So what else does Mother Nature have to throw at us after last year? Are you out of ideas? We are. But she isn’t.

The truth is that emergency situations appear rapidly, and they often don’t give us much notice.

A decade ago, if you had a “Go Bag” or a “Bug Out Bag” or some other kit filled with disaster supplies waiting by your back door, you were seen as a crazy end-of-the-world disaster prepper.

But even before the pandemic, being prepared for anything was always good common sense. Heck, being prepared has been the motto of the Boy Scouts since 1907. If you’re ready for an emergency, you’re in good company.

The federal government, and even New York State, have been urging members of the public to prepare a household emergency kit since well before the pandemic, with the state even going so far in recent years as to have the National Guard lead Citizen Preparedness Corps classes where attendees get their own bag stocked with emergency supplies.

If you’ve gone through one of these classes or if you already have your own bag, chances are you’ve begun to raid it in times of semi-crisis. Need a flashlight with fresh batteries? It’s in there. Need a portable radio? That too. The state bag even came with one N95 mask that we sent our kids off to the grocery store with back in March of 2020. We definitely didn’t replace that mask. 

While we were digging through the kit looking for a mask, we noticed our MREs were about to expire, so we attempted to wolf them down, then realized we would have to drink all the purified water in the bag just to hold down the MREs. 

We’re not alone in neglecting our “Go Bag.” Orient Fire Department Rescue Squad Second Lieutenant Douglas Gray gave a presentation on his bag to a Zoom session of the Orient Historical Society just before Christmas. He confessed that a thumb drive with all his vital documents had rusted and some animal had raided the bag, which he’d left in a backyard shed, and  had been sowing Bananagram letter tiles all over his backyard.

A Bananagram set is a great thing if you’re stuck in a shelter, and playing cards are even more vital. Did you ever wonder why all your relatives who lived through World War II knew how to play every card game? There’s a lot of waiting that goes on in a crisis. Surely you are waiting for something now — an Amazon package, or a vaccine, or to come out of quarantine. 

A good book isn’t a bad thing to have either, though we are reevaluating our choice of Stephen King’s “The Stand” for our kit.

Now an emergency kit and an emergency plan can be as simple or as complex as you want them to be, but there are a few essentials. 

The most important thing is to make photocopies or digital copies of your vital documents — driver’s licenses, health insurance cards, birth certificates, vaccination records, prescriptions, your pet’s vaccination records (super important!) and passports. These things are very difficult to replace if you don’t have a backup.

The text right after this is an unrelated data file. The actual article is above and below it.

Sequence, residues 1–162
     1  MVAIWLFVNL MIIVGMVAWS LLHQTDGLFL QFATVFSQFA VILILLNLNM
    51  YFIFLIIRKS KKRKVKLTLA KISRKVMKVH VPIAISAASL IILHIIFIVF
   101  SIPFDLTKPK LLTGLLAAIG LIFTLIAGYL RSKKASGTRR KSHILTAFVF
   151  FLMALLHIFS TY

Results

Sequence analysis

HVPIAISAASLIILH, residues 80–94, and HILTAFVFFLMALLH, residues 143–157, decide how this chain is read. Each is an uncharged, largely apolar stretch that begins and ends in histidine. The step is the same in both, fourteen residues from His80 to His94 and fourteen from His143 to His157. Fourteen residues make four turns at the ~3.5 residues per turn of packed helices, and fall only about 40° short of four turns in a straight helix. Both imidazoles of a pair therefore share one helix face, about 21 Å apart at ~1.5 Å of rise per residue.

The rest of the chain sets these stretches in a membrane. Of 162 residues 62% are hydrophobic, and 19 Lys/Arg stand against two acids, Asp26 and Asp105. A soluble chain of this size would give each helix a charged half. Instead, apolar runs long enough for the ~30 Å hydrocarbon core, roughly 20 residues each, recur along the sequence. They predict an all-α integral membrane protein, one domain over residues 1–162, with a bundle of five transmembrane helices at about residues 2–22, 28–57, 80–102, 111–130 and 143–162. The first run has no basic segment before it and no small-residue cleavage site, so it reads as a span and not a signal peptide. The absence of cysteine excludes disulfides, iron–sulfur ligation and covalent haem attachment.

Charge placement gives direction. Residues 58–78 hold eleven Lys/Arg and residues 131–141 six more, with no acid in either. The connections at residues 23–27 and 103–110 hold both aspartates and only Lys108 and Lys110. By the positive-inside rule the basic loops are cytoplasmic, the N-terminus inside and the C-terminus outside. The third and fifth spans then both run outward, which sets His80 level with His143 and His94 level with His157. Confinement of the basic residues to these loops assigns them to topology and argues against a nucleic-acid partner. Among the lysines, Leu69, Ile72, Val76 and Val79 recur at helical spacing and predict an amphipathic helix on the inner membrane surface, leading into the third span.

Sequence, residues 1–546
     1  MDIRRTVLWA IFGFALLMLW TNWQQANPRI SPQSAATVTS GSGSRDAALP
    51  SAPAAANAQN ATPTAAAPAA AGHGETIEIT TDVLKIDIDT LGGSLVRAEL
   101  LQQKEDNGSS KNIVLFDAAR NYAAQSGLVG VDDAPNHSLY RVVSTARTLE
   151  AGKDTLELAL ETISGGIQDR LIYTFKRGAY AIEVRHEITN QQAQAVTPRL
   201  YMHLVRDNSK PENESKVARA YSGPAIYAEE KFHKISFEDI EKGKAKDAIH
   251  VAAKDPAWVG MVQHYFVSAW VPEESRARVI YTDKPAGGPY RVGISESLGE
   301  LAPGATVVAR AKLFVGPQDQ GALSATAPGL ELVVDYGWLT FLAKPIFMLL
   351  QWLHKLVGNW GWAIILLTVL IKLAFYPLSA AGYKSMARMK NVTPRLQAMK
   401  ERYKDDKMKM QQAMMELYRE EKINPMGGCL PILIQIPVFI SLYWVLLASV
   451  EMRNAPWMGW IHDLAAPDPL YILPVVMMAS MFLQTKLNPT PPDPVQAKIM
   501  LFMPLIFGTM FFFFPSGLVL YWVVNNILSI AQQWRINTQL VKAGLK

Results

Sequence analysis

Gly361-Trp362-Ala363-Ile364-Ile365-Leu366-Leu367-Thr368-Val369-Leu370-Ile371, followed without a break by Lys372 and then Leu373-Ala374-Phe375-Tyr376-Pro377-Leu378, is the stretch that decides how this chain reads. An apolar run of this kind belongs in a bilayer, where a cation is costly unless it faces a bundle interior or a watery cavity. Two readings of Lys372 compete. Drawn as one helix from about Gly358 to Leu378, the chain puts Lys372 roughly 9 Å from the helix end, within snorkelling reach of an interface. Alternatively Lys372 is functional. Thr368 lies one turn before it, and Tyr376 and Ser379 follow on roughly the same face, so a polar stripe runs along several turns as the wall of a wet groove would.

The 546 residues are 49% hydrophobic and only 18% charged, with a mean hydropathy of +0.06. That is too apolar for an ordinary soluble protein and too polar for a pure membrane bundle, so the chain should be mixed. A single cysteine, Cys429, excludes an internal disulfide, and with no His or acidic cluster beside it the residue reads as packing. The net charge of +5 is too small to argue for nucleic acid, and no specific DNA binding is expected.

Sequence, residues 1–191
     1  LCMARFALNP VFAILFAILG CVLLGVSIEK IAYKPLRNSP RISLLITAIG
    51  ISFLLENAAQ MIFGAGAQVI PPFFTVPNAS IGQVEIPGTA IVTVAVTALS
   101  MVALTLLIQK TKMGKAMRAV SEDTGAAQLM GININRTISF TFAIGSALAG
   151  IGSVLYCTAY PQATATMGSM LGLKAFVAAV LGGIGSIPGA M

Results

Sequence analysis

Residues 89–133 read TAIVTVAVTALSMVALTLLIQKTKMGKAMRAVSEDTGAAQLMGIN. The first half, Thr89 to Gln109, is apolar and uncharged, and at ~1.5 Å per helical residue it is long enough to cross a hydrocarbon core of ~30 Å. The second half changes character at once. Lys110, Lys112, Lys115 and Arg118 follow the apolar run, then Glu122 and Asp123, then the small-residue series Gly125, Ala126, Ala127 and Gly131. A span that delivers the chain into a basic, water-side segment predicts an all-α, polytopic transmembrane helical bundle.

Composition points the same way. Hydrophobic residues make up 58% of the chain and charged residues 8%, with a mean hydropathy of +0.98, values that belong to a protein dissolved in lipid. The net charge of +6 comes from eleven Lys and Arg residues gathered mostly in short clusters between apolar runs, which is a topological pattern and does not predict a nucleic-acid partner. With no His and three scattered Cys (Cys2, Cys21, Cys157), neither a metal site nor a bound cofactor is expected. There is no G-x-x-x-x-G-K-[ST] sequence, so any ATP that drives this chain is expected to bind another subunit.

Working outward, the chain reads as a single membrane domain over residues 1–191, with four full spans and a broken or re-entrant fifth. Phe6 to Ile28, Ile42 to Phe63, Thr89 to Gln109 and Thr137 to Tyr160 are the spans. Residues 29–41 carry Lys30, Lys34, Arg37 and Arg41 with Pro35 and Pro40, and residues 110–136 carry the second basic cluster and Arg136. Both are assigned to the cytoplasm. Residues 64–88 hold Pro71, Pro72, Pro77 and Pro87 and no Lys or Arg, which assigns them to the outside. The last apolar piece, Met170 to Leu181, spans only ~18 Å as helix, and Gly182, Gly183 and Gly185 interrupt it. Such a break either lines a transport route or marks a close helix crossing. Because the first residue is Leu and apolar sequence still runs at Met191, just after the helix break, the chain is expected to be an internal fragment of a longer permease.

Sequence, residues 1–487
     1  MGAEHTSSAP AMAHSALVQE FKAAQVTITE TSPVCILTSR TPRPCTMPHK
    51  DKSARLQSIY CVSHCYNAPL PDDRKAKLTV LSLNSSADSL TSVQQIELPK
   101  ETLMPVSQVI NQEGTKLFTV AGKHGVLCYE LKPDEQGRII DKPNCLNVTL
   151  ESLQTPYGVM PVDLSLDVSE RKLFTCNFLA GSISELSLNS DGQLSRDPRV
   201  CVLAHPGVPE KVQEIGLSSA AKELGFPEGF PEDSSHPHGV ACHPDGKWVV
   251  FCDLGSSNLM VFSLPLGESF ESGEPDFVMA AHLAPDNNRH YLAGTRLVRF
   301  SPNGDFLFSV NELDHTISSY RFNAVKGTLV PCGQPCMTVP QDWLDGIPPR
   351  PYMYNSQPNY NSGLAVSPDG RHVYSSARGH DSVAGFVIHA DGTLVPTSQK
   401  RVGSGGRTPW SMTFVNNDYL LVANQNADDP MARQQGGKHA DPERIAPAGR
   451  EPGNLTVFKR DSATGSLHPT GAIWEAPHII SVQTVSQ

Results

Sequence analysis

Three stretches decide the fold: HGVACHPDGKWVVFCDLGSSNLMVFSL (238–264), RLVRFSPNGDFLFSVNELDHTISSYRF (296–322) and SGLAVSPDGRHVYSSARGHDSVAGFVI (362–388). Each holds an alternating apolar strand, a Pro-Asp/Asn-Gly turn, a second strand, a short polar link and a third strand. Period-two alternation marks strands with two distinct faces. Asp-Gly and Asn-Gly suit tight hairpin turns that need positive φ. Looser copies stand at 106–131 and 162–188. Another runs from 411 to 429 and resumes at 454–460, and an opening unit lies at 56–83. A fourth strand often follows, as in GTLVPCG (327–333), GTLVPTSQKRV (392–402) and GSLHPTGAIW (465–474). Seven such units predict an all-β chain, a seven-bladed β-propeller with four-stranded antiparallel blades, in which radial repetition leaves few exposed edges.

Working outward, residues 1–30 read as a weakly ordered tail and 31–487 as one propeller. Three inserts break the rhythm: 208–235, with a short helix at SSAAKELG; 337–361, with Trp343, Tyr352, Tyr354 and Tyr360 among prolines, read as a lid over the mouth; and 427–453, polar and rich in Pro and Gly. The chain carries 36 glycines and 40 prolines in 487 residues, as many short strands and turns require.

But your family is even more irreplaceable, and if you can’t find them in an emergency things aren’t going to go well. We all lean so hard on our cell phones now that we don’t even know our mothers’ cell phone numbers, especially if our mothers have had five different Go Phones in the past five years. Is your mom’s current cell phone number written down anywhere, in pen and ink? Get on it.

In all seriousness, if a true disaster strikes, our cell phones might not be any good for some time due to power outages or circuit overloads. In that case, you need to talk over with your family where you would meet in the event of a disaster. 

A local school or community center is a good place to meet — many of them are already set up to be utilized as shelters if an emergency strikes.

Mr. Gray, of the OFD, also suggests you have photos of your family members and pets in your emergency kit, so that you can give them to emergency responders to help identify them. 

A closet near your front door is a great place to keep your emergency kit. Take it out every six months (maybe when you’re checking your smoke detectors), and make sure everything is working and nothing is expired.

 The Federal Emergency Management Agency’s website is filled with suggestions for these kits, and more localized advice can also be found at    — BY

Beth Young
Beth Young is an award-winning local journalist who has been covering the East End since the 1990s. She began her career at the Sag Harbor Express and, after receiving her Masters from the Columbia University Graduate School of Journalism, has reported for the Southampton Press, the East Hampton Press and the Times/Review Media Group. She founded the East End Beacon website in 2013, and a print edition in 2017. Beth was born and raised on the North Fork. In her spare time, she tinkers with bicycles, tries not to drown in the Peconic Bay and hopes to grow the perfect tomato. You can send her a message at

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